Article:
Arthropod Populations in High-Rise, Caged-Layer Houses After Three Manure Cleanout Treatments

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Two partial cleanout methods were compared with complete cleanouts in replicate caged-layer houses for effects on manure characteristics and subsequent dynamics in populations of manure-breeding house fly (Musca domestica L.), lesser mealworm (Alphitobius diaperinus [Panzer]), and associated natural enemies. Absolute densities of adult house flies increased by approximately two to four times within 3 wk after cleanouts of all kinds, and then remained stable over the next 3 mo. Increases were least in barns where residual pads were formed with manure that had been selectively retained from valleys between older piles. Compared with complete cleanouts, partial cleanouts reduced water content of subsequent manure piles. Partial cleanouts also conserved more pteromalid fly parasites, more predatory Xylocoris bugs, and more predatory Carcinops beetles, but not more macrochelid mites. Lesser mealworm populations were reduced by cleanouts of all kinds, but complete cleanouts reduced populations the most. Results suggest choice of cleanout method will depend on whether house flies or lesser mealworms are of primary concern.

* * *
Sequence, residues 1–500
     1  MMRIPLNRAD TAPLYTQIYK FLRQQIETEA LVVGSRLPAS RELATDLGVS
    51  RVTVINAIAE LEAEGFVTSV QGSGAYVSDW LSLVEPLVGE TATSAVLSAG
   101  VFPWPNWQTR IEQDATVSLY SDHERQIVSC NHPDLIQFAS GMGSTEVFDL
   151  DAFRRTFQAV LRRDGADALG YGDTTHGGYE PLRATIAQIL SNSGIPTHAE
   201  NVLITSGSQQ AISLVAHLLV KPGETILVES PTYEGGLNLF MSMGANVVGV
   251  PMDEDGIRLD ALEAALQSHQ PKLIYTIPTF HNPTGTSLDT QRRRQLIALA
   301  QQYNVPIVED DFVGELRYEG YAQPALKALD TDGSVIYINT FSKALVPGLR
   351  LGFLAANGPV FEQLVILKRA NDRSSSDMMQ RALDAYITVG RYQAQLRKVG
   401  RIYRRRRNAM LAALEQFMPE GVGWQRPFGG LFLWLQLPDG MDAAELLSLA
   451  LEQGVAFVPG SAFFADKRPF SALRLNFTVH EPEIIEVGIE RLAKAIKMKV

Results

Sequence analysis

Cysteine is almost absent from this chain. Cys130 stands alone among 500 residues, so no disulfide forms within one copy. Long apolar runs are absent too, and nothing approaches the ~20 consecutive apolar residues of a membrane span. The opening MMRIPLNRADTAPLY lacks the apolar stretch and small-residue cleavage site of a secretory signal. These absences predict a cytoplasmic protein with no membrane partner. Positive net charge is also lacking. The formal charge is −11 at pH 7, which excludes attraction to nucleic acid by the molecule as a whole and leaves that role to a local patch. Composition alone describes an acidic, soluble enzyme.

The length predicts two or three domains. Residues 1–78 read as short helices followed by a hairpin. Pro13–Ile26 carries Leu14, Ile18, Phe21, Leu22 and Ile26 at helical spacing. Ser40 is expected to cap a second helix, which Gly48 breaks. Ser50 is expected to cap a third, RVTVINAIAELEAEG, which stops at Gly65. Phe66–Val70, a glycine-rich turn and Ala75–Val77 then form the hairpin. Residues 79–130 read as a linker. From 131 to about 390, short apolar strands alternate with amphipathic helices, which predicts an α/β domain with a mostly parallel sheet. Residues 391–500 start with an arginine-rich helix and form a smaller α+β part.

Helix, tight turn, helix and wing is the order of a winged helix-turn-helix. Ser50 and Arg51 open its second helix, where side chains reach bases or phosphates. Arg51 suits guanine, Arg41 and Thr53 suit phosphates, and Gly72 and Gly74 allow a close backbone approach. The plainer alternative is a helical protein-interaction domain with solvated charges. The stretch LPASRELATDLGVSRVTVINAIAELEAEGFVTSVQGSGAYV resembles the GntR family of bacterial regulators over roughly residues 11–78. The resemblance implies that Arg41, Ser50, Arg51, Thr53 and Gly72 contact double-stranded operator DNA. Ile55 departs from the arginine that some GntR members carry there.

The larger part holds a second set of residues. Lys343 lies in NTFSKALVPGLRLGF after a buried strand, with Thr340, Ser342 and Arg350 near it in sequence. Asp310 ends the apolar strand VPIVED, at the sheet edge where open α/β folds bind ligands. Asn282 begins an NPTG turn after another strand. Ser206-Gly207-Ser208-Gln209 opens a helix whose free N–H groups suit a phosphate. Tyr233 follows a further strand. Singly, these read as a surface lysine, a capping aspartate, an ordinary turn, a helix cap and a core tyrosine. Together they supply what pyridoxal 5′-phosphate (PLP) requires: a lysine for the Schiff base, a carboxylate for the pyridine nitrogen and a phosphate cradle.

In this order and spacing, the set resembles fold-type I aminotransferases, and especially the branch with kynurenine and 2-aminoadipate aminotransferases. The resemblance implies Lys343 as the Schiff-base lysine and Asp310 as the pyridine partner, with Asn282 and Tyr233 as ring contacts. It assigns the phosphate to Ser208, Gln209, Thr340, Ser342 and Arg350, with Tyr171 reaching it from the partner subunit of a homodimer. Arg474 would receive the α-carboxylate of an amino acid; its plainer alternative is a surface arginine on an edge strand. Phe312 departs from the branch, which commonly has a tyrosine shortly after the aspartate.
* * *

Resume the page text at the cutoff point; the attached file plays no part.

Keywords: Alphitobius diaperinus; Musca domestica; house fly; lesser mealworm; poultry pest management

Document Type: Research Article


Publication date: August 1, 2003

More about this publication?
  • Journal of Economic Entomology is published bimonthly in February, April, June, August, October, and December. The journal publishes articles on the economic significance of insects and is divided into the following sections: apiculture & social insects; arthropods in relation to plant disease; forum; insecticide resistance and resistance management; ecotoxicology; biological and microbial control; ecology and behavior; sampling and biostatistics; household and structural insects; medical entomology; molecular entomology; veterinary entomology; forest entomology; horticultural entomology; field and forage crops, and small grains; stored-product; commodity treatment and quarantine entomology; and plant resistance. In addition to research papers, Journal of Economic Entomology publishes Letters to the Editor, interpretive articles in a Forum section, Short Communications, Rapid Communications, and Book Reviews.
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